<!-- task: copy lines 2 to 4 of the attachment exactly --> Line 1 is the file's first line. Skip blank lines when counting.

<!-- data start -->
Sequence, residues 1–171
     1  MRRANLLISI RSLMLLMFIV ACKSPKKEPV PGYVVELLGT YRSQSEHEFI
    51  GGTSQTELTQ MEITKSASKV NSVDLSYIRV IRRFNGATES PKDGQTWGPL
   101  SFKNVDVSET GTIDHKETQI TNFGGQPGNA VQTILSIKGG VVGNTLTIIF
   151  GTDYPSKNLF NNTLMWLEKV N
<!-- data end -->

     1  MRRANLLISI RSLMLLMFIV ACKSPKKEPV PGYVVELLGT YRSQSEHEFI
    51  GGTSQTELTQ MEITKSASKV NSVDLSYIRV IRRFNGATES PKDGQTWGPL
   101  SFKNVDVSET GTIDHKETQI TNFGGQPGNA VQTILSIKGG VVGNTLTIIF